Are There Data Egress Charges for Using Power BI Against AzureDB?

At PASS Summit last week (and if you weren’t there, you missed an amazing conference as usual) Stacia Misner (b|t), whom I co-authored the white paper “Using Power BI in a Hybrid Environment” asked me a question that she was asked in her session. If a user is using Microsoft Azure SQL Database as a data source in Power BI, does that data source incur data egress charges? A couple of background notes here—generally speaking in most cloud computing scenarios data ingress (that is loading your data) is free, whereas data egress (retrieving your data into, say a reporting solution) costs money (pricing details are here, and not terribly expensive). Another generality around most cloud scenarios is that data transfer within the same data center also does not count against your data egress charges.

Another thing to note is that Office 365/Power BI and Microsoft Azure are two completely different services—I tried to be as clear about this as I could in the white paper, and sometimes it does strike me as odd, that two services, quite possibly living in the same data center are not aware of each other, but this does again seem to be the case. So let’s walk through the scenario for this.

Power BI and Microsoft Azure SQL DB

Data refresh in Power BI, is only directly supported by two data sources, SQL Server and Oracle (either on-premises, or running in Azure), if you want to connect to Azure DB (or a vast array of other data sources) the method to use, is to bring the data into your Excel data model using Power Query, and then pass the connection string into the data sources within Power BI. (Note—for full details on this, read the above white paper). So to test this I built a very simple Azure DB using the Adventure Works (AW) 2012 database for Azure (currently, Azure DB is not fully feature compatible with in-box SQL Server, so a special edition of AW is needed). I then generated a data model, against two tables, just enough that auto refresh would work normally.

Figure 1 Workbook in Power BI

In case you were wondering why I called the workbook “Bingo” I was having some issues related to the build of Power Query I was on that may have caused a little bit of frustration (or maybe that was just Drew Brees’ performance in Sunday’s Saints game). Bingo was the workbook that finally worked correctly. If I go to the data refresh screen, and execute “refresh report now”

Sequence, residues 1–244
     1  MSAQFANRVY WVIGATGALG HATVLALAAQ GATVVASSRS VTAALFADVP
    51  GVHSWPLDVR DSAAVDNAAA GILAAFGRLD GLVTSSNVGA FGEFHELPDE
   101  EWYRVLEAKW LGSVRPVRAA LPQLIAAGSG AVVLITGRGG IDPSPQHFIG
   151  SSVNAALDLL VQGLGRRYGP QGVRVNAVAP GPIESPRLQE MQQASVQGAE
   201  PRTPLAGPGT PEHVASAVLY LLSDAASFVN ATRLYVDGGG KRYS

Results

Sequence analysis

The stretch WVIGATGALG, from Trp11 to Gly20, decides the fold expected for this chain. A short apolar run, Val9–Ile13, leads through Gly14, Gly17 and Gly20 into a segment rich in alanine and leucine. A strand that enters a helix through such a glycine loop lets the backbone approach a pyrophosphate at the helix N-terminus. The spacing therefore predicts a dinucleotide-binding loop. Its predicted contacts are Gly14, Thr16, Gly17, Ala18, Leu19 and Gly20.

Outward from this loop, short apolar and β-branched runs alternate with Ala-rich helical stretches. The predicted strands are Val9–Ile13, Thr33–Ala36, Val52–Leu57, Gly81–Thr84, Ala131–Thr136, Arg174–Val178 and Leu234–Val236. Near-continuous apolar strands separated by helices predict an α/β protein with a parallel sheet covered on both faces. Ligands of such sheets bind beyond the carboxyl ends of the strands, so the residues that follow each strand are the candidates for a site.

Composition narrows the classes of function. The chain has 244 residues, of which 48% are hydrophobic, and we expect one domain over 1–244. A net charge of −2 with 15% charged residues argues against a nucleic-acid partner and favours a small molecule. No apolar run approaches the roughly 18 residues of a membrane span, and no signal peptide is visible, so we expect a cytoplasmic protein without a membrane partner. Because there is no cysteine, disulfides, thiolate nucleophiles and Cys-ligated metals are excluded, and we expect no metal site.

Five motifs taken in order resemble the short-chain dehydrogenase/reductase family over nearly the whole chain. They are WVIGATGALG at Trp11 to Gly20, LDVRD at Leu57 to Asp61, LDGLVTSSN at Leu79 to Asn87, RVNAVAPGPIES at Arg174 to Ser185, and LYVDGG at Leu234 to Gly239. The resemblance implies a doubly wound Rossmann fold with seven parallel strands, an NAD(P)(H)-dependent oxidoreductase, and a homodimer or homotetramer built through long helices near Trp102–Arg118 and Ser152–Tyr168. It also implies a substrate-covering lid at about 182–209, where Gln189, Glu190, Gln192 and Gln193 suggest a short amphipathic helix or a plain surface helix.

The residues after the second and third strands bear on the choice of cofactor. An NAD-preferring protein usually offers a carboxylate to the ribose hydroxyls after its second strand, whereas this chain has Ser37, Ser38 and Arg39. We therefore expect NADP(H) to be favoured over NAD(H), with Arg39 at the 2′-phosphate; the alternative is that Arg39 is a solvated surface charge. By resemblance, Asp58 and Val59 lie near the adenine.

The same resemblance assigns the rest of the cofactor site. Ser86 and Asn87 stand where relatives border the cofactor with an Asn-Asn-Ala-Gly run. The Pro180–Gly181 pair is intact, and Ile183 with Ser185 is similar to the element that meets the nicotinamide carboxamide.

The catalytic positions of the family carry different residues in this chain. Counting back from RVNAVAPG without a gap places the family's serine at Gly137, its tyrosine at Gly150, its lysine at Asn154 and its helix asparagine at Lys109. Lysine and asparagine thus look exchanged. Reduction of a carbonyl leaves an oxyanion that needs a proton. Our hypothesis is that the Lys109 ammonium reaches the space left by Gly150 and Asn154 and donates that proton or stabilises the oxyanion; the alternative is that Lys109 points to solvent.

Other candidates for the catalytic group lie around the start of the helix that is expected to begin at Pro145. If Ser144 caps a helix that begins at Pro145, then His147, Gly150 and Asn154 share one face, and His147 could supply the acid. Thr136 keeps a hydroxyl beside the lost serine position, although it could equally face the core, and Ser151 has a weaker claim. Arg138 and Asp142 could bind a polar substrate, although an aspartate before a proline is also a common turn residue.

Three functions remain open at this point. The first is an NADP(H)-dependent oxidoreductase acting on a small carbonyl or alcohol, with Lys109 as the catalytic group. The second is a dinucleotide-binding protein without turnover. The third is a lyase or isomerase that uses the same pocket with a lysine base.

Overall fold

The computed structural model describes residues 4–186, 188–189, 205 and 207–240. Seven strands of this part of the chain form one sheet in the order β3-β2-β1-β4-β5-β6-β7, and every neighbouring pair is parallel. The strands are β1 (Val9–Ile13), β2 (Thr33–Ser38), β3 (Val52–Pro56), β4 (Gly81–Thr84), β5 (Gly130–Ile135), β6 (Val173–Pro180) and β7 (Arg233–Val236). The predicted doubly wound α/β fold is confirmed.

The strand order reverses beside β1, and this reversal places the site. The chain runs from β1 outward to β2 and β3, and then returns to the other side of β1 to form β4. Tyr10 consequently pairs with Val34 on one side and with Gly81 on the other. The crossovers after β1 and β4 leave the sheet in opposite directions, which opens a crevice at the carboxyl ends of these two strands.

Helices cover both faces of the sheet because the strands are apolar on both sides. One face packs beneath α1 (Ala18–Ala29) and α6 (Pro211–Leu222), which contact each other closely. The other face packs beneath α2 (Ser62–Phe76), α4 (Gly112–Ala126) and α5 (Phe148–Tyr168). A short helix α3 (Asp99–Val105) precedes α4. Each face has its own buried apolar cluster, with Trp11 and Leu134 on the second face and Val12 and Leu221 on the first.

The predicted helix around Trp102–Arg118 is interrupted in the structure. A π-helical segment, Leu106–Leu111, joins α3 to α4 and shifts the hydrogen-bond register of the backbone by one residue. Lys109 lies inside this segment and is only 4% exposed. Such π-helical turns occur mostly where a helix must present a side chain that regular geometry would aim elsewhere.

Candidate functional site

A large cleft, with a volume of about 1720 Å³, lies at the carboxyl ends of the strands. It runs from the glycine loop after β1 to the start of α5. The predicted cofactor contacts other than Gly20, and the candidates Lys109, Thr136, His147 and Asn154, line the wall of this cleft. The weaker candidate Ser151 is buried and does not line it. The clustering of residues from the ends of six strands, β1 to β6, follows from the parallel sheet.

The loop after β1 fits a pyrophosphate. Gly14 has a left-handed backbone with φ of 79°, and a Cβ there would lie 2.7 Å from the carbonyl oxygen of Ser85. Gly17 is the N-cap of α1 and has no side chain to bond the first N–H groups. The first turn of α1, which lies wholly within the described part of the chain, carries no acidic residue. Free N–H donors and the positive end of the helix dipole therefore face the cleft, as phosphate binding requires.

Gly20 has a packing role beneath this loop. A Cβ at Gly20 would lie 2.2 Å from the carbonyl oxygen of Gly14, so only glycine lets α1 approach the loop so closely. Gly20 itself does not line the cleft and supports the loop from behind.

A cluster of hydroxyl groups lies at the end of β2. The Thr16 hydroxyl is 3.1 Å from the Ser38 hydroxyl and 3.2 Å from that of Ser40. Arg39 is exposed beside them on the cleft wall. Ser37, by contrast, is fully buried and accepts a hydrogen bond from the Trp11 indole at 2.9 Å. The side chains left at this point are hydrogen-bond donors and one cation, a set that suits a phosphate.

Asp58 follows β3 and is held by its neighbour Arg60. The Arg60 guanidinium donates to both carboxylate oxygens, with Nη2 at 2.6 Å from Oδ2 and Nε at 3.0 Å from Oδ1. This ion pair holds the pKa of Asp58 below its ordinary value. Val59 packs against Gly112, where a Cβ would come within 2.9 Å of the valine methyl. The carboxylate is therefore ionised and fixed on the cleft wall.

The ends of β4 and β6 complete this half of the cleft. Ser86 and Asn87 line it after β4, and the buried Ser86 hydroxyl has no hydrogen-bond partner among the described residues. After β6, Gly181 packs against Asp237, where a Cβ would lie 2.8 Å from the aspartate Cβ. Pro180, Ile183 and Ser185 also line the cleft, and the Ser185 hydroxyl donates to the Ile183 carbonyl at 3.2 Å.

Figure 2 Data Refresh Screen

From here—you can execute a refresh on demand. There is no concept of an incremental refresh—it seems like all data is refreshed when data refresh happens. So how do we see if this incurs data egress?

Azure DB and DMVs

There is a DMV in AzureDB named sys.bandwith_usage that tracks bandwidth usage for a given database by the hour. So an entry is made for each hour, where there is data usage against a given DB. I haven’t figured out an easy way to show space used in Azure DB for a given table, but from looking at my on-premises version of AW, I can about 12 MB of data in the tables I am using in this workbook.

So let’s check the DMV.

Figure 3 Query Results

As you can see in the results—refreshing my workbook seems to “cost” about 17 MB. From what I can tell there is no differentiation between an Azure data source and an on-premises one (some of that data use, particularly master, was from an on-premises SSMS session). I was hoping to provide a little more detail, but DMVs and netstat let me down—any help in the comments would be greatly appreciated.

Conclusion

In the grand scheme of things this isn’t a big deal (you get 5 GB of egress for free a month), but it is something to think about when designing BI solutions in the cloud. A couple of things that would be great from a Power BI perspective would be the ability to incrementally refresh data, and some sort of Azure direct connect, which didn’t include data charges.

 

About jdanton1
A DBA, cyclist, cook (who likes to play chef occasionally)

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